Example Test Information
0007 - Semicon
Sample screen images as shown on the
device during testing.
|SDRAM DUT DETECTED|
TEST AT 3.3V
12 ROW/9 COL ADDR.
SPD=NO 100MHz @ CL2
SDRAM 168P DIMM
SINGLE WRITE OK
ACCESS TIME FROM CLK
Tac (CL=3): 4.0nS
Tac RANGE: <PC133>
TEST= PC133 RANGE
Testing a 168-Pin SDRAM and 144-pin
In the testing mode there are three phases
to the test. First the Ramcheck will conduct a Basic Test of the module where it
determines module size, type, and fastest functional frequency while also
examining for basic wiring, addressing and data bit errors. Errors that occur
during this stage of the testing which is done with the module operating
withing manufacturers specifications illustrates a real problem with the
The more Extensive Test stresses the DRAM
module to data and voltage manipulation in an attempt to find any faulty
data-bits. If the extensive test passes with a "go", the Ramcheck will enter the
third and final test phase - Auto Loop.
In Auto Loop the DRAM module will be stress
tested to the extreme by looping the extensive test parameters until the
operator stops the test, or a data-bit error is discovered.
Of particular interest are the tests done
in the Extensive Test mode:
Data Retention:Provides info concerning the quality of
the tested module.
Chip Heat Mode:Automatically warms up the module to test for
temperature related problems. These can include speed degradation or memory
Varies conditions of main voltage supplied to the memory
device; including voltage cycling and voltage bouncing.
Data bit tests:
Data tests can include March up/down exercises
which use an algorithm to determine adjacent cell interference.
There are over 100 very informative pages
in the Ramcheck manual which go into great detail concerning the different
tests, the results which can be displayed and what they mean. We are not going
to go into this in any great detail as the information is beyond the scope of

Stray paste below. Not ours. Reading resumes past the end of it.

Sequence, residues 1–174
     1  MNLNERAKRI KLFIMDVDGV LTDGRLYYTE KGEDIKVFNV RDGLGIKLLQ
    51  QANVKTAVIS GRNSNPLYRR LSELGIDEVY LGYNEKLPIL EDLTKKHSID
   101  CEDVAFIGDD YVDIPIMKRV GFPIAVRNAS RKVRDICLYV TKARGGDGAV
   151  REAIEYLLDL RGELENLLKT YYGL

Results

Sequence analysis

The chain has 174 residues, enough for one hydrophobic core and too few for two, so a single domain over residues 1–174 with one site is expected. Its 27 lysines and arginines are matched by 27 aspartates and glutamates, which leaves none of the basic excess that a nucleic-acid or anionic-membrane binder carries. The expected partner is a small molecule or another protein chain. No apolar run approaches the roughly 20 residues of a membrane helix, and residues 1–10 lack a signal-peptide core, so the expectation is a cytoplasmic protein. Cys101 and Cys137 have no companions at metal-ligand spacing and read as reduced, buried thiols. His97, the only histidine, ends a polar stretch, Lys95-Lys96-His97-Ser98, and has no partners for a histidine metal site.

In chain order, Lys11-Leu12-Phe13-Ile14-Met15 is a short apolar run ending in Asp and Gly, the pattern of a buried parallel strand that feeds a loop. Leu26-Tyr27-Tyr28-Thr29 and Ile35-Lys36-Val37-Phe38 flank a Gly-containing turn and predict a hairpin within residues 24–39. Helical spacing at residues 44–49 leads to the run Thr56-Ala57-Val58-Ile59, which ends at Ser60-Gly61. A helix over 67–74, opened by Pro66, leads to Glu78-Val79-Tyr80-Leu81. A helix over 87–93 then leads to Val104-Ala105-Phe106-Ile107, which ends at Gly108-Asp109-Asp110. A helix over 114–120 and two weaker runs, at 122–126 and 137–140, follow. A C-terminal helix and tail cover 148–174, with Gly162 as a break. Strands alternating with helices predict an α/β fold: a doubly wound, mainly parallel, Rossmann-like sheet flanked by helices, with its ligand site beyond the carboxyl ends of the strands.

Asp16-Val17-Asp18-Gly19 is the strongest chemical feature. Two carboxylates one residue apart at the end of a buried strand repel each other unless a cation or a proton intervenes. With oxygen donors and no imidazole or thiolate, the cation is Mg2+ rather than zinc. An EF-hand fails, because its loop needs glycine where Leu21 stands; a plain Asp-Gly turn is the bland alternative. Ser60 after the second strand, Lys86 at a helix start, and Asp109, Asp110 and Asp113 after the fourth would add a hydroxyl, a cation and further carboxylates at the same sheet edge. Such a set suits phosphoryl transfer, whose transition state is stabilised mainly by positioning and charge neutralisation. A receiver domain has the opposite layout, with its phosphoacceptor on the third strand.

this review (and it would just take too long). Suffice to say, the Ramcheck
offers a very comprehensive test of the frequency, voltage, and data properties
of a memory module.
For more advanced users, or production
facilities, the Ramcheck also offers a first hand glimpse at the SPD data, and
if you have the proper coding knowledge, the ability to update that information.
SPD (Serial Presence Detect) is a small 8-pin EEPROM chip mounted to most DIMM's
and basically houses important info for the host computer about the
the SPD of the DRAM, and updating.
255 bytes of SPD information are held
on a small 8-pin EEPROM soldered to most DIMM's today. The software which
ships with the Ramcheck allows users to view this information directly.
Users with the know-how to program SPD code can update the EEPROM with the
from a bad memory stick
The computer interface basically
mirrors what you would see on the unit, but with more screen real estate it
is easier to digest. In this example test of some really bad memory we
picked up for cheap, bad data-bits were detected during the first phase of
the testing - a sure indication that the stick was ready to be thrown out.
Sure enough, this stick had been causing problems and instability in the
computer it was in. If we had the necessary equipment, we could have
repaired the stick by removing the TSOP-II module which was identified
with the bad data-bits and replacing it.